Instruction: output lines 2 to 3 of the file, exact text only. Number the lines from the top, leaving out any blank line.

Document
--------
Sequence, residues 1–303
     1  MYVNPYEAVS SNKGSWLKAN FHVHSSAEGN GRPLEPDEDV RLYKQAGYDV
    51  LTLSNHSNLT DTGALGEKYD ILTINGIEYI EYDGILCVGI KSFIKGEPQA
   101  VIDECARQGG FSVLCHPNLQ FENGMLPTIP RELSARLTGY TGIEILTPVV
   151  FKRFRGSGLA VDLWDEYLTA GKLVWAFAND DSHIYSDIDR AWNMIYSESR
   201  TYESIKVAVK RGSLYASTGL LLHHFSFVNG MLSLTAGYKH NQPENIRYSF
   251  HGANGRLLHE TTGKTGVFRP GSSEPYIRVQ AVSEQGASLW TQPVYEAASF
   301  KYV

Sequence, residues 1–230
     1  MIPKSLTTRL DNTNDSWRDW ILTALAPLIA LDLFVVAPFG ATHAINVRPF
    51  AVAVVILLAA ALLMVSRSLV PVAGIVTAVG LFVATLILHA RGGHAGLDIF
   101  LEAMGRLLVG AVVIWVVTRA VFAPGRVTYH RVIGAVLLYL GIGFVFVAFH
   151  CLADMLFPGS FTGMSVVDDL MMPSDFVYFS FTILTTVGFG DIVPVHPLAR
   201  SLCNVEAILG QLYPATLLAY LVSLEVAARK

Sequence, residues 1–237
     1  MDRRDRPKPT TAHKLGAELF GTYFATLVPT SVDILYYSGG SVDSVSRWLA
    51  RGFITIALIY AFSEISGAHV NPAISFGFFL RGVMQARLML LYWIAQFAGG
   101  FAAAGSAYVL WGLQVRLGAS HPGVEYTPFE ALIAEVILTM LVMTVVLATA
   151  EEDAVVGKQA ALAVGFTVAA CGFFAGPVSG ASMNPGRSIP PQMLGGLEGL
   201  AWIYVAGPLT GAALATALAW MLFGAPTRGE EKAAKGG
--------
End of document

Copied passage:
     1  MYVNPYEAVS SNKGSWLKAN FHVHSSAEGN GRPLEPDEDV RLYKQAGYDV
    51  LTLSNHSNLT DTGALGEKYD ILTINGIEYI EYDGILCVGI KSFIKGEPQA